Protest follows self-exiled leader’s insistence in recent audio recording that The Gambia guarantee his right to return.
The long-awaited findings of a probe into crimes committed under The Gambia’s former longtime leader Yahya Jammeh have been delayed, investigators said.
A panel called the Truth, Reconciliation and Reparations Commission (TRRC) was scheduled to ceremonially hand over its findings to President Adama Barrow on Thursday. But the final report will now be released at a later date, a member of the TRRC told the AFP news agency, saying, “We are not yet ready.”
The TRRC was set up in 2017 following Jammeh’s defeat to Barrow in the December 2016 elections.
After a six-week standoff that ended in military intervention by neighbouring countries, Jammeh flew to Equatorial Guinea.
Styled on the lines of South Africa’s post-apartheid Truth and Reconciliation Commission, the TRRC heard testimony from nearly 400 people from January 2019 to May 2021 about Jammeh’s 22-year rule.
Witnesses gave evidence about state-sanctioned torture, death squads, rape and witch hunts, often at the hands of the “Junglers”, who acted as Jammeh’s death squads.
‘Frustration of victims’
Reed Brody, a US lawyer calling for Jammeh to be prosecuted, said the postponement was announced “to the frustration of victims”.
The findings, spanning 16 volumes, had initially been due for release in July.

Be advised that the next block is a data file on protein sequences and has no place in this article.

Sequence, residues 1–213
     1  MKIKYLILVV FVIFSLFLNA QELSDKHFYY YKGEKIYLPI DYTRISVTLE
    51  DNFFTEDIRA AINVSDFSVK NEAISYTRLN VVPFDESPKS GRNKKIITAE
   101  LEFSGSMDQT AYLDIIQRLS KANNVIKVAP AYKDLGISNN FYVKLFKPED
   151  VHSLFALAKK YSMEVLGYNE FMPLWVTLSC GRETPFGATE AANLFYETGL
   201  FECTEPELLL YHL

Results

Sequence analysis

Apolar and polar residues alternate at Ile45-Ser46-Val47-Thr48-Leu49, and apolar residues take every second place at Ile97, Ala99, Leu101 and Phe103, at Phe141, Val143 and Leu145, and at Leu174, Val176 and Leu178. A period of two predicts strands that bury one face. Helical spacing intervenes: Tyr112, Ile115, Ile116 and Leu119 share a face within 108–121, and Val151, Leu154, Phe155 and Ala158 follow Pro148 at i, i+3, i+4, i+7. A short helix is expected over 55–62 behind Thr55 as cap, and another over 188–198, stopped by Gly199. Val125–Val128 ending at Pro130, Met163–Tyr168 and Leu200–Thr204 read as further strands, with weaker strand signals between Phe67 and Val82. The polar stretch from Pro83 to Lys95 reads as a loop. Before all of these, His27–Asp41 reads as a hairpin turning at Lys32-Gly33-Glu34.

In April 2020, the TRRC published an interim report describing rights violations under Jammeh as “massive, appalling and diverse” including torture, extrajudicial killings, rape, enforced disappearances, arbitrary arrest and detention.
The TRRC is not empowered to prosecute those responsible for crimes.
In its final report, it may recommend prosecution for perpetrators or propose an amnesty for those who have testified about their crimes and expressed remorse, except in the case of crimes against humanity.
Jammeh gained power through a bloodless coup in 1994 and was repeatedly re-elected, in votes often condemned as bogus, until his defeat to Barrow.
Barrow has said he will await its report before seeking any further action against his predecessor.
After receiving the report, the government has six months in which to respond to its recommendations.
The postponement came in advance of December 4 presidential elections in which Barrow intends to run.
In early September, Jammeh’s political party announced an alliance with the governing party, a move that was condemned by watchdogs.
The Gambia Centre for Victims of Human Rights Violations said the team-up was a “threat to the government’s implementation of the TRRC’s recommendations”, accusing Barrow of “abandoning grieving Gambian citizens to return to the arms of this murdering and raping tyrant”.
Emmanuel Kwesi Aning, director of the faculty of academic affairs and research at the Kofi Annan International Peacekeeping Training Centre, told Al Jazeera from Accra that the reason behind the delay seemed to be linked to the coalition deal.
“It’s not only about being scared, but also the embarrassment and discomfort of a government that ended a 22-year brutal rule now cutting a very disturbing deal with a previous regime just for electoral success,” said Aning.
“I think it leaves a sense of unease. Knowing the testimonies that people gave to the TRRC, it would be very difficult for the government to justify the 360-degree turn from a government that respected human rights and rule of law and start to make some restitution to those who had suffered.”